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Confidence leak between independent tasks

53.3034, Tuesday, 19-May, 8:30 am - 12:30 pm, Banyan Breezeway
Session: Perception and Action: Methods and models

Dobromir Rahnev1, Ai Koizumi2, Hakwan Lau3, Mark D'Esposito1; 1Helen Wills Neuroscience Institute, University of California, Berkeley, 2Department of Psychology, Columbia University, New York, 3Department of Psychology, University of California, Los Angeles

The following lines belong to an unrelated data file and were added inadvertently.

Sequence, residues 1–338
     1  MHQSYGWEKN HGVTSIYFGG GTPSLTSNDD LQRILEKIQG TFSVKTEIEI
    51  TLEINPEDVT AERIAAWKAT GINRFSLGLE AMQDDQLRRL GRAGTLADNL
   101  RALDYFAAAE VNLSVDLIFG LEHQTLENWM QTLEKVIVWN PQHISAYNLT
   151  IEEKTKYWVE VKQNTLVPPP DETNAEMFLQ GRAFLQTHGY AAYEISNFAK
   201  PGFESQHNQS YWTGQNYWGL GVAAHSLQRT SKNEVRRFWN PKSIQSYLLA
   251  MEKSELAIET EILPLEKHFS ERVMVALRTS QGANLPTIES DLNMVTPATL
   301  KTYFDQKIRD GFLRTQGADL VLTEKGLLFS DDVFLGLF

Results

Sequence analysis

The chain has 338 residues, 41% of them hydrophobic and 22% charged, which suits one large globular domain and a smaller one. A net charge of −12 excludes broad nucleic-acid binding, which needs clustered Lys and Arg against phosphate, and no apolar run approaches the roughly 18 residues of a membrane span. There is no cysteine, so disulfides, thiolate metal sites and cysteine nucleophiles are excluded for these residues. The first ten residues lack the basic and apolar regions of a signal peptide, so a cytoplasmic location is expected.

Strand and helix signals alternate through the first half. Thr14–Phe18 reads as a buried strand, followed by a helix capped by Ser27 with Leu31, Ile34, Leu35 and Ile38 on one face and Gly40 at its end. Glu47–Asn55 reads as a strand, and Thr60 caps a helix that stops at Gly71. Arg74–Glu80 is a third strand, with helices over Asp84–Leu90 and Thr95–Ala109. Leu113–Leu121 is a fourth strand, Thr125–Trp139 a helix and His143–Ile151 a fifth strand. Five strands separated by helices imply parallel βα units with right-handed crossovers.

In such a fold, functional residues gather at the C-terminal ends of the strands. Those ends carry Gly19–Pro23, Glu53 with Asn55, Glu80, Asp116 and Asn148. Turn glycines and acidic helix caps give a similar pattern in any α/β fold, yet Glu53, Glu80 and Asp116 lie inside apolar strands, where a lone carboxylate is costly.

Recent research has demonstrated that the prefrontal cortex (PFC) has a critical role in metacognitive judgments of confidence. Given that PFC receives inputs from across the visual cortex, one counter-intuitive prediction is that signals that are represented in different visual areas may interact with each other at the metacognitive level. We tested this prediction by asking subjects to judge the dominant color and shape in a set of 40 letters. In Experiment 1 we found that confidence “leaked” between the two tasks (i.e., high confidence on the color task was associated with higher confidence on the shape task on that same trial) even though no such effect was found for perceptual accuracy. To ensure that the results were not due to response priming, in Experiment 2 confidence was given on a continuous scale for one task, and through the “opt-out” paradigm (in which subjects can choose to withhold their response and earn a certain small reward) on the other. Despite that difference in responding procedures, confidence leak between the two tasks was just as strong manifesting in 42 of the 44 subjects across the two experiments. Experiments 3 and 4 showed that confidence leak was also present for simple Gabor stimuli and that manipulations of signal quality through contrast and attention did not change the strength of confidence interactions. Finally, in Experiment 5 we disrupted PFC function with theta-burst TMS and observed a decrease in confidence leak compared to TMS to control regions. The results across all experiments are well described by a single-parameter model based on Bayesian inference, in which observers are constantly predicting the overall strength of signals in the environment in order to respond to them optimality. The model thus provides a normative explanation for the ubiquitous and novel phenomenon of confidence leak between different tasks.

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